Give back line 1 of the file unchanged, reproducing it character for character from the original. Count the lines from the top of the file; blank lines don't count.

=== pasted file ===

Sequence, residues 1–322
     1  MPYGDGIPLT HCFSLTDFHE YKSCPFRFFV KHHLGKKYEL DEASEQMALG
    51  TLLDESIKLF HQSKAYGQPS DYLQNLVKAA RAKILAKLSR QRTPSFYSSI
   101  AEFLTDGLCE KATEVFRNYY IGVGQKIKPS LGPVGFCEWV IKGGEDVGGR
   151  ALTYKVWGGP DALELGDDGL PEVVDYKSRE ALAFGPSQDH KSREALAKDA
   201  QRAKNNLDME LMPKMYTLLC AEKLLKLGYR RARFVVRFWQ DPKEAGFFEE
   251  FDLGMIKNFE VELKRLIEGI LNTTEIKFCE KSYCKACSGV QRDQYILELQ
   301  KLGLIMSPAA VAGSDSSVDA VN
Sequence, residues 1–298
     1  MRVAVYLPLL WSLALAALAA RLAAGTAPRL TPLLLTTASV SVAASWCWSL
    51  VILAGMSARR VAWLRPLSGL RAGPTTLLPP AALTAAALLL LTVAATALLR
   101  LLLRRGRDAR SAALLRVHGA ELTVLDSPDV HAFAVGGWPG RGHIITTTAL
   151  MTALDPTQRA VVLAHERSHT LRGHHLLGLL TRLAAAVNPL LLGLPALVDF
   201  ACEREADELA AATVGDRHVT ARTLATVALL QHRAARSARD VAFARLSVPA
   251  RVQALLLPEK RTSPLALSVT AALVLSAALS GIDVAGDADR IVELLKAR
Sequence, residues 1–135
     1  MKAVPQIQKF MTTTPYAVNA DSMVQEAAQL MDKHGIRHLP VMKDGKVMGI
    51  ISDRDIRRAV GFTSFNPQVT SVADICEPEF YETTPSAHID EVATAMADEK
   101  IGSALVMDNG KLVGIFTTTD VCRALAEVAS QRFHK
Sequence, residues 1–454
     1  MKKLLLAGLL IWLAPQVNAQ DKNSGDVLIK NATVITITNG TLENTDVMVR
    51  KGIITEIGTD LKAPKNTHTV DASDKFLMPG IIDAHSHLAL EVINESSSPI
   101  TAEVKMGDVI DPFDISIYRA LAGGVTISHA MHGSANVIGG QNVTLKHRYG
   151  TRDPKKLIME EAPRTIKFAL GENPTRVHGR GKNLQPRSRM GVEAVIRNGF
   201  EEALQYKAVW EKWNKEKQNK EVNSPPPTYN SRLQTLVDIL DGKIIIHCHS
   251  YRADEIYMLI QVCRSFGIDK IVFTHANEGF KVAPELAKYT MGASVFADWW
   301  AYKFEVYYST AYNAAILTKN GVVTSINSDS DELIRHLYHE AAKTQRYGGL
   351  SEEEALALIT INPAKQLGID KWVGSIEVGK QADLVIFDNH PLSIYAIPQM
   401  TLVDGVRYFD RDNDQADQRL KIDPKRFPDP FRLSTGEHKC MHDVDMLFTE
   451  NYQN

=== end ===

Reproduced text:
Sequence, residues 1–322